ATM disaster dodged, Corrupt cops deflected. What else could go wrong!?
We are climbing through the mountain passes of Honduras and I can tell the 4Runner is losing power. Not exactly sure what is going on I do what any proud Toyota owner would do and simply ignore it. Hell… She still runs don’t she?
Eventually we are coming through a construction zone near the top of a pass and I lose all momentum/power. The truck basically cuts out. The accelerator pedal pins flat to the floor and doesn’t come back up.
We are smackdab in the middle of the construction zone. Huge dumptrucks and bulldozers battle it out with the mountainside all around us. It is at least 95F, hot, dusty, and LOUD.
We are stuck blocking the 1-lane of the passable highway with gigantic buses and semi-trucks all honking and trying to squeeze around us.
I jump out of the truck and pop the hood. Chaos everywhere. Tons of dust, huge loud tractors, people honking like crazy at us. I check the throttle cable and its all screwed up, sagging from the throttle body like a limp noodle.
I try to jerry rig it quickly. No go, It wont retract. Something is jamming. I pull out my tools and take it apart in the middle of the highway with people passing everywhere.
No wonder it wont retract… Line is frayed and jamming inside the throttle cable housing.
Not going anywhere fast I decide to push the truck to the side of the road and assess the situation. I figured the cable had not yet broke and I could just remove the frayed wires and it would get me a little further. While I was working on this 2 random construction workers came over and started talking to us. They said they knew a mechanic in the next town and would be happy to give us both a ride. We locked up the truck and jumped into the construction workers truck.
They gave us a ride to town where the mechanic looked at the cable and said we needed a new one (you don’t say!?) He didn’t have one but knew there were parts stores in the next town. Back into the construction workers truck we go. Drove about 15 miles to the next town….
We searched from store to store. 83 throttle cable for a 22R motor, 88 throttle cable for a diesel Hilux, 22RE cable for a Corolla. No exact matches for a 87 4Runner 22RE. I figured I could make the 22R cable work but the parts guy insisted we need the right one.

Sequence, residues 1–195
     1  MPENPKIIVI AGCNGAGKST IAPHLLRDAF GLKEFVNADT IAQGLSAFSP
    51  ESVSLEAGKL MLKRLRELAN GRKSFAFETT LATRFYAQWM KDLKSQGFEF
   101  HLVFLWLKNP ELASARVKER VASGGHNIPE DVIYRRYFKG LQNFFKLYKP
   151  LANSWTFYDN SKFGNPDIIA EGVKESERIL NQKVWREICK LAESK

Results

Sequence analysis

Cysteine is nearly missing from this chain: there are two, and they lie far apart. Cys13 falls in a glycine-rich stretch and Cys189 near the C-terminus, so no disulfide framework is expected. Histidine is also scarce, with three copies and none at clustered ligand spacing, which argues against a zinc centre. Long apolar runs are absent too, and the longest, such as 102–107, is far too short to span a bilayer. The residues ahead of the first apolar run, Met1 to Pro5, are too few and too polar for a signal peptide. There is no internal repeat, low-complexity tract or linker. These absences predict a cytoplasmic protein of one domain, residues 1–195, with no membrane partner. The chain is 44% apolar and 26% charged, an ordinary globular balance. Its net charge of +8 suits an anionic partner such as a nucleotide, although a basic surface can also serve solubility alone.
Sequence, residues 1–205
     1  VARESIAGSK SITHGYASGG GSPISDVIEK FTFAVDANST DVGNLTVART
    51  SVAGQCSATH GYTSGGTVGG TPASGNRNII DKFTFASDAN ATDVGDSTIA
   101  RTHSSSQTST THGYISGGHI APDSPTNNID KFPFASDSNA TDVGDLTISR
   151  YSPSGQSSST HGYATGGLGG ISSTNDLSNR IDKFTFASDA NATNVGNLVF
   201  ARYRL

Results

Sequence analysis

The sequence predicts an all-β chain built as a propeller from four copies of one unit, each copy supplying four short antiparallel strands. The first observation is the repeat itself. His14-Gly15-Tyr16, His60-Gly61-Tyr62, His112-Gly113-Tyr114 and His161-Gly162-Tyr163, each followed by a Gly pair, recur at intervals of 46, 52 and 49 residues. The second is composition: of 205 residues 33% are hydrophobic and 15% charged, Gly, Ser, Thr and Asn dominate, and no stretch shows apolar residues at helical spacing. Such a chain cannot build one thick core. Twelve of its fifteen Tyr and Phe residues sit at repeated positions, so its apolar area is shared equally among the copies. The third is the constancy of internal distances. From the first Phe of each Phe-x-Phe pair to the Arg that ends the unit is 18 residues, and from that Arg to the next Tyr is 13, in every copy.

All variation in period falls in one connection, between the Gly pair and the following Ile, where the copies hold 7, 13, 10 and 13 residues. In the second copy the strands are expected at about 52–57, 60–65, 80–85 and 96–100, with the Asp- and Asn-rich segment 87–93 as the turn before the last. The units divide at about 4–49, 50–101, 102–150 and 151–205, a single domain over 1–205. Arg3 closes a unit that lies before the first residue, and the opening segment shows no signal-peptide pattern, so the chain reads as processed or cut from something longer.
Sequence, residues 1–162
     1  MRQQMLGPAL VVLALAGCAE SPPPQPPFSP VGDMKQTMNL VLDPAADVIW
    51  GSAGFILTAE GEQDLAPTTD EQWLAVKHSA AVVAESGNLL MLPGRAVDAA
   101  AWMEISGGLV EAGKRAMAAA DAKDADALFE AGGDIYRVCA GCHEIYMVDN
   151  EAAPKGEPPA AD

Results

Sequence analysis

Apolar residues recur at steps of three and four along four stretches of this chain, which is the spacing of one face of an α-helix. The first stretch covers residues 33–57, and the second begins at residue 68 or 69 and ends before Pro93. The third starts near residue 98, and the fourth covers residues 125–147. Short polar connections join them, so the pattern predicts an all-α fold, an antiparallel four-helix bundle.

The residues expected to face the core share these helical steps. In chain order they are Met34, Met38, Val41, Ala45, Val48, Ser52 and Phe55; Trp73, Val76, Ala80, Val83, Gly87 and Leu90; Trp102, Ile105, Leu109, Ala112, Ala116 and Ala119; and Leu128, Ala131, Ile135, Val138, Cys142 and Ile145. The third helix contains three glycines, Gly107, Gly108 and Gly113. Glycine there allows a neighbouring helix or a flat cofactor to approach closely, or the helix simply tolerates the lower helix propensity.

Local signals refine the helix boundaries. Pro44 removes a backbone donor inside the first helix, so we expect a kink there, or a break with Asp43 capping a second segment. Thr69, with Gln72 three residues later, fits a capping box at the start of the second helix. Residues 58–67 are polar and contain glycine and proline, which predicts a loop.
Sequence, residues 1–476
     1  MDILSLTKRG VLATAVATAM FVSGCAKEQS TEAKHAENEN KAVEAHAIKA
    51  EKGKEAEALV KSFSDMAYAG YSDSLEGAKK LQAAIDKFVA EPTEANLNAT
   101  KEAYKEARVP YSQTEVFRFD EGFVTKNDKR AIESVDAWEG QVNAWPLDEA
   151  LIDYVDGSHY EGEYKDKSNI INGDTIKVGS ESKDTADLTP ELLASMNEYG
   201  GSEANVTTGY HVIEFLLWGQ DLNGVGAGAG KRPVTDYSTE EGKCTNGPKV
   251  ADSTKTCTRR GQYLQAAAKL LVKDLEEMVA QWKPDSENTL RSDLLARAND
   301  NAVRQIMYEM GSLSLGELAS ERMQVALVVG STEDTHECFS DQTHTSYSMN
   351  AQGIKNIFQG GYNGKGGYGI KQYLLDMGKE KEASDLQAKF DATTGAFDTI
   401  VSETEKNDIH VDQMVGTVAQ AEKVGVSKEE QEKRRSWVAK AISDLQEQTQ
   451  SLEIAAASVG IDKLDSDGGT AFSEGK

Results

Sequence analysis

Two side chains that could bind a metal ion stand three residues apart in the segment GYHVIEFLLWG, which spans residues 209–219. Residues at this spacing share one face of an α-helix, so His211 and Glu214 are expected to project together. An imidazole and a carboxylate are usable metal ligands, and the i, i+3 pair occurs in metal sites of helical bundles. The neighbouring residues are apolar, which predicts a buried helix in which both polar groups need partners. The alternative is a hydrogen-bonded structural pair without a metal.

The little town did not have the right cable but they assured us we could find one in San Pedro Sula (Large industrial town of Honduras). However the town was almost an hour away.
I started asking the guys if they knew a taxi that we could call to take us all the way to San Pedro. They said “Nonsense!” and off to San Pedro Sula we went, a 45-mile drive in the construction truck.
An hour later we arrive in San Pedro, same situation. Store to store to store with no exact match found. These guys have been helping me now for 3 hours in the hot as hades Honduran sun. We can barely speak to them, we have no idea what the hell is going on with our truck back at the construction site, and store after store turns us down. Our gracious construction workers are getting frustrated as well. I am wishing I just rigged my cable and ignored these guys, when all of the sudden I see a little hole-in-the-wall parts store “TOYOTA REPUESTOS IMPORTER”. I jump out of the truck and run in with my cable, 30 seconds later I have an EXACT match 87 4Runner cable. We all rejoice and head back to the truck.
We put the new cable in. Success!!! Back in business. I offered to pay these guy for their gas/time (They drove over 60 miles and were with us for almost 5 hours) but they refused. They said to us…
“Today we help you, tomorrow maybe someone help us”
I forced a few cold coke-colas on them from our fridge, we gave them some hugs, thanks, and said goodbye.
Time and time again we say that the people of Mexico/Central America we meet are the nicest, friendliest, most giving people on earth. The people of Honduras live up this mantra as well. We have loved getting to know them and their beautiful country.